Oct. 8, 2006 Across the globe, the presence of HIV is wide-spread. At the end of 2004, the United Nations HIV/AIDS program estimated that 2.5 million children under the age of 15 were affected worldwide. Additionally, approximately 500,000 children in that same age group died from disease-related cases in that year alone. In the United States, 90 percent of infected children are infected by the disease through birth.
The effects of the disease on children differ greatly from those in adults, according to a report that appears in the July/August 2006 issue of General Dentistry, the AGD’s clinical, peer-reviewed journal. Type, severity and progression are all factors that differ, depending on the age at which one contracts the disease.
“Children do not demonstrate HIV-specific symptoms as adults do,” says Kishore Shetty, DDS, lead author of the study. “Their bodies will most likely display an infection or weakness instead of common HIV signs.”
The place where this most commonly occurs is in the mouth. There are many variations of the way lesions appear, but a few common types are: candidiasis, or “thrush,” a fungal yeast infection; salivary gland enlargement; herpes simplex virus; inflammation of the gingiva; and canker sores.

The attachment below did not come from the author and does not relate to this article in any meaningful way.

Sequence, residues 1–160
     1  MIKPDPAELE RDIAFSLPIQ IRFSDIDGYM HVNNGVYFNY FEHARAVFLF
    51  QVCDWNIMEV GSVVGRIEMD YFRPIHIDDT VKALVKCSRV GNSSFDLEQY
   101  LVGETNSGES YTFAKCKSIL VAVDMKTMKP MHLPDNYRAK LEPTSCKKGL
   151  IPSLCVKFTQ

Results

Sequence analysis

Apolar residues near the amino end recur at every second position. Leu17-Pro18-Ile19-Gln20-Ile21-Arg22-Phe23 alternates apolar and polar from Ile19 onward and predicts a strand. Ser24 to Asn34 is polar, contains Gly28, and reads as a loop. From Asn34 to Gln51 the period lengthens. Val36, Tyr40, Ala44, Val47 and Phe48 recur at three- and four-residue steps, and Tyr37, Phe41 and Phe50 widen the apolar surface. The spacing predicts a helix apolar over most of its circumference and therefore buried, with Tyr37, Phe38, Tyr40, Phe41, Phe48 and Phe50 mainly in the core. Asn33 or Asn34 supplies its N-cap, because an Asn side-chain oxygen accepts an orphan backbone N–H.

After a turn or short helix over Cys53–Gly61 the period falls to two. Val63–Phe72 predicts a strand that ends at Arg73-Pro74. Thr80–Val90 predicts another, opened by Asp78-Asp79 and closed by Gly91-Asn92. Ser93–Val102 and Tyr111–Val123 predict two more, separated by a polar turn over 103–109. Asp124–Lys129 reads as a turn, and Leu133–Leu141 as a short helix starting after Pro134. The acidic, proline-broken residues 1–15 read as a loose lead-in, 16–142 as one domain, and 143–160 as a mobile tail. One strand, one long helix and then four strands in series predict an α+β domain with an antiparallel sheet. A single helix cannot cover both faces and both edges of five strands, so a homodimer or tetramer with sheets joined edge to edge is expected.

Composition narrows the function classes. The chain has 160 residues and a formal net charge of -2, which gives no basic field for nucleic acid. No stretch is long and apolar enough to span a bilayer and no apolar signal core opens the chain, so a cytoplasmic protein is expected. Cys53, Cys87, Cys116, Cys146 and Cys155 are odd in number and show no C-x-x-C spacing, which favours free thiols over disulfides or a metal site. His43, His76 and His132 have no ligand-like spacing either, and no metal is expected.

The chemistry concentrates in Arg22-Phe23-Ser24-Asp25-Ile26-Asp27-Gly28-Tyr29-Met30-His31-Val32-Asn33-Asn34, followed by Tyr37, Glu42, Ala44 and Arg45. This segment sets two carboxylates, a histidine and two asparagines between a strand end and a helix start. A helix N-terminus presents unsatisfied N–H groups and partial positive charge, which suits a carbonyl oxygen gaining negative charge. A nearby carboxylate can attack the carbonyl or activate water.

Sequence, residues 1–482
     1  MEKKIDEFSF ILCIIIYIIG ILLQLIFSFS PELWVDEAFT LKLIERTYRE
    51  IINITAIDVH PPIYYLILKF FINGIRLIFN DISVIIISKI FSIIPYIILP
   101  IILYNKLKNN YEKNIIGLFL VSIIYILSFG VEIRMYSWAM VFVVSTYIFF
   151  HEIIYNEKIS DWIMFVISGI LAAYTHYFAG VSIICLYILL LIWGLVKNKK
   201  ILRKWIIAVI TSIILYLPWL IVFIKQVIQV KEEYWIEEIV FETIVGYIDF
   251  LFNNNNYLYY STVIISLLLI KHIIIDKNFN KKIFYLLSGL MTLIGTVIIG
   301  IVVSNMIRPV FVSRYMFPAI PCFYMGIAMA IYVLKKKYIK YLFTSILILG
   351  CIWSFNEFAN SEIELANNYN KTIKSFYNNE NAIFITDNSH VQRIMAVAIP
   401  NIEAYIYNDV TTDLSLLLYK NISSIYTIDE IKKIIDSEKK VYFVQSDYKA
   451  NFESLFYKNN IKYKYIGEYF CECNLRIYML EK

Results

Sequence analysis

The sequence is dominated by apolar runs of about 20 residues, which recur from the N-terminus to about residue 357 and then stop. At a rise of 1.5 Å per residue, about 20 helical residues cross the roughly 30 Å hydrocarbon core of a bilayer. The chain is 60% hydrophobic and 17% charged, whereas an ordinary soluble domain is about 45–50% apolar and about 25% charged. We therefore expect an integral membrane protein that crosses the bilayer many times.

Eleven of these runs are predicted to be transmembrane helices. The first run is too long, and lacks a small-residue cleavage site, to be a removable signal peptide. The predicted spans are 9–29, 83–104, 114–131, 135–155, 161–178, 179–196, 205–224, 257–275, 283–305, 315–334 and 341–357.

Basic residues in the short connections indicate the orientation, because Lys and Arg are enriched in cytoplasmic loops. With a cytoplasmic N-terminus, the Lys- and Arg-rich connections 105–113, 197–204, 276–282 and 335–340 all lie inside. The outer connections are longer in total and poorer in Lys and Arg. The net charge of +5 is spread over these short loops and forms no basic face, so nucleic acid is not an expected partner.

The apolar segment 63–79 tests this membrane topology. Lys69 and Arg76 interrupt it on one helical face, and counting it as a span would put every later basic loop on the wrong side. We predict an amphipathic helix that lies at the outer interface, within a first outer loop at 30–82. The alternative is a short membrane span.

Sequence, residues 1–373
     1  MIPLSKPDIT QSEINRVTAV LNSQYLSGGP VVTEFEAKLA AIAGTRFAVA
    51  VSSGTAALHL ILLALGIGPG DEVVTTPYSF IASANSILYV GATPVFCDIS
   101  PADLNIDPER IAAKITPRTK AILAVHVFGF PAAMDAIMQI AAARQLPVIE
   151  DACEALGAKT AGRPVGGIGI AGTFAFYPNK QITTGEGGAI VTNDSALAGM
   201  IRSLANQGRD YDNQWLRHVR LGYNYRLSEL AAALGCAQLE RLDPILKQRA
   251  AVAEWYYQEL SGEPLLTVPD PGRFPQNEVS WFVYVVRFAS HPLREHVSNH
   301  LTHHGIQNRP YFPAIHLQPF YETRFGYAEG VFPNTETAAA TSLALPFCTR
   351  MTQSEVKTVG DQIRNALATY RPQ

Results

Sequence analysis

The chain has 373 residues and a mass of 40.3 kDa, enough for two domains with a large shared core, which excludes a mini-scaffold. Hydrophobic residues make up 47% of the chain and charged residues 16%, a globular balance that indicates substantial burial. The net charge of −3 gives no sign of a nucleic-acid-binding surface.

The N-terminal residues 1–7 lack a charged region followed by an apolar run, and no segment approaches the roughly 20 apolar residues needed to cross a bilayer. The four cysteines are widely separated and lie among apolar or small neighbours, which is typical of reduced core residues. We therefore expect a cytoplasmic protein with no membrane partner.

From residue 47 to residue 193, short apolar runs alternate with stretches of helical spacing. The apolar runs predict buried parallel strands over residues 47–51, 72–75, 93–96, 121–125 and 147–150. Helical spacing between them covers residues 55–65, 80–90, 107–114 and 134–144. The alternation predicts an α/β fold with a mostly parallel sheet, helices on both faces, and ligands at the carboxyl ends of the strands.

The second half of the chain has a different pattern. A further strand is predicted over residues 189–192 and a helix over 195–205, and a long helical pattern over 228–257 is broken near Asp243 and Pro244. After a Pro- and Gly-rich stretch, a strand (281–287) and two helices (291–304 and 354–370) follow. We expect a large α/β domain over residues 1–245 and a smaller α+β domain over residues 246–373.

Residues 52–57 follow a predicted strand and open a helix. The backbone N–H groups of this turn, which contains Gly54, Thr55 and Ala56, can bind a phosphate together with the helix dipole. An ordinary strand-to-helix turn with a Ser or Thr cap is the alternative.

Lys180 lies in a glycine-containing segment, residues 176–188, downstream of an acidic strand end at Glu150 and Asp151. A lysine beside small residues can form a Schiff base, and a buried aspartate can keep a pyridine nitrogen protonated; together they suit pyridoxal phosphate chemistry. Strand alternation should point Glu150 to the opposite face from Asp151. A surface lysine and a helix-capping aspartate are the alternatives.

“Orofacial manifestations of HIV are common in pediatric HIV infection,” Shetty adds. “It is important to be aware of these signs, as they may serve as both a marker of infection and predictor of HIV progressing to AIDS.”
What to do:
• Visit your general dentist. They handle the majority of dental emergencies.
• If you fear that your child or teen might be at risk, have them tested as soon as possible. The sooner a child is diagnosed, the sooner treatment can begin.
• Communicate with your dentist if the child has HIV. It will alert them to look closely for signs of disease, plus allow them to provide the best possible treatment.
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